Posted by:  Cathy and Len

In our most recent newsletter you can learn about the trip that we took to Bangladesh and India to bring Threads to multiple audiences including women and girls as well as artisans.   Bringing the film back to Bangladesh, where the story started, has been one of our goals for years.  We are very thankful to the many friends and sponsors who made this possible.

THREADS screening at Chhayanaut, Dhaka, organized by Spreeha.  Photo credit: Salil Halder.

We are working now on making Threads available on DVD and for streaming or download.  We’ll announce here and on Facebook when you and others can buy your own copy of the film.

Thank you again to all of the loyal friends and supporters who have helped to make this film possible!

 

 

 

Posted by: Cathy and Len

Some of the Quilts of Valor at Jubilee Lodge.

Some of the Quilts of Valor at Jubilee Lodge.

Today Americans celebrate Memorial Day, commemorating the sacrifices of those who have died in the service of their country.  We were reminded of  those sacrifices when we recently screened Threads and had a lively discussion about the film at Jubilee, an active adult community in Lacey, Washington.

Just outside of the hall where we showed the film was a very moving display of quilts made by residents of Jubilee for wounded service members at nearby Madigan Army Medical Center.  These “Quilts of Valor” demonstrate the skill and dedication of the makers, and received a certificate of appreciation from the Warrior Transition Battalion at the hospital.

We brought one of Surayia’s nakshi kantha tapestries, “Gypsy Wharf,” for film attendees to examine. Although “Gypsy Wharf” is very different in style and theme from the Quilts of Valor, the quality and diversity of stitching traditions continues to amaze us.  We are always energized by meeting people who, like Surayia and the women of Arshi, turn thread and fabric into visually intricate and wonderful works of art that can warm and help to heal spirit and body.

Thank you to those who have served to make us free and to those whose commitment to others gives hope.

Certificate of Appreciation for the quilts.

Close-up, Quilts of Valor, Jubilee Lodge.

 

 

 

 

Posted by:  Cathy and Len

We are happy to join people around the world celebrating International Women’s Day March 8.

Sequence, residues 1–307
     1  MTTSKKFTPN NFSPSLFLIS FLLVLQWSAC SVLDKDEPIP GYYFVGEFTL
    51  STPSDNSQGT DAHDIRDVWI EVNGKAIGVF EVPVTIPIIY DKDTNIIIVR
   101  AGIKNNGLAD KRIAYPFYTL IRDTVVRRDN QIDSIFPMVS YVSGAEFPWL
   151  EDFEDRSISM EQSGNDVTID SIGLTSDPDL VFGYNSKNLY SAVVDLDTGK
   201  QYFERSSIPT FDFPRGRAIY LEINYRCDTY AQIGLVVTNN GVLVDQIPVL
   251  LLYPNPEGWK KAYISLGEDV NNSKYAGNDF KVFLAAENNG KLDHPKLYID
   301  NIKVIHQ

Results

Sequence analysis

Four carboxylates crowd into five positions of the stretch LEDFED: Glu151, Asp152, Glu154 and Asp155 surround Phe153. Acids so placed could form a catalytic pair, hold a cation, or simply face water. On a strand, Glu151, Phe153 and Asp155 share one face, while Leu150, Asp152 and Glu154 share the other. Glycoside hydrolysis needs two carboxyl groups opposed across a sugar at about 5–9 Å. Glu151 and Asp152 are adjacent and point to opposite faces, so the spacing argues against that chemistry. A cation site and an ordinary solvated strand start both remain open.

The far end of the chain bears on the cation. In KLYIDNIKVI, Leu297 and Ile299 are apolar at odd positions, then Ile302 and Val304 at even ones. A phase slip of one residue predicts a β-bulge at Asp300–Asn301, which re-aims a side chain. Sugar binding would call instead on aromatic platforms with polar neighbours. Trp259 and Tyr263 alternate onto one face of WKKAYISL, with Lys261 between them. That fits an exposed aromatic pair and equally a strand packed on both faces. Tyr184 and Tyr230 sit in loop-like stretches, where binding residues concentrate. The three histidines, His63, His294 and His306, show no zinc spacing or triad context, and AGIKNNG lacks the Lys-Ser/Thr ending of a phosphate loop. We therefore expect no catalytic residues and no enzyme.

On this day, we particularly salute women artists who open doors to economic opportunity, preserve culture and foster creativity and community development.   Artisan enterprise today is the second largest employer after agriculture in the developing world, and, as Threads shows, the work of artisans can have a ripple effect, positively impacting the lives of generations.

We encourage everyone to think about handmade goods when making consumer choices and to support living artists whenever possible.  We believe that a world without poverty is possible, and that each of us can make a difference toward this goal.

Surayia and the women she worked with share their skills and together create timeless art. With creativity and determination, they feed and educate their children.  We salute their accomplishments.

 

 

 

Posted by:  Cathy
“Telling Stories,” an exhibition at the Textile Museum of Canada (TMC), features a work designed by Surayia Rahman and embroidered by artisans of Arshi in Bangladesh.  This link shows the range of textile art featured in “Telling Stories,” which will be closing January 25th.  This link takes you to Surayia’s work in the Textile Museum, a piece called “Georgian Times,” based on her experiences of life in the last days of the British Raj.  The intricate embroidered stories include tea harvesting, shown in a detail (below) from the TMC website.
If you will be in Toronto before January 25, don’t miss this opportunity to see Surayia’s work on view with other fascinating storytelling textiles.
Tea Harvesting, detail from "Georgian Times." Surayia Rahman design. Photo by Textile Museum of Canada.

Tea Harvesting, detail from “Georgian Times.” Surayia Rahman design. Photo by Textile Museum of Canada.

Posted by: Cathy

It was an honor and a pleasure to show Threads and answer questions about the film at the MAIWA Symposium in Vancouver, BC, recently.  I was particularly happy that a number of people who know Surayia or helped with filming in Canada could attend.

Here’s a review of the event on the MAIWA blog.  Thank you!

Woman embroidering kantha.  Surayia Rahman design.  Photo used with permission.

Woman embroidering kantha. Surayia Rahman design. Photo used with permission.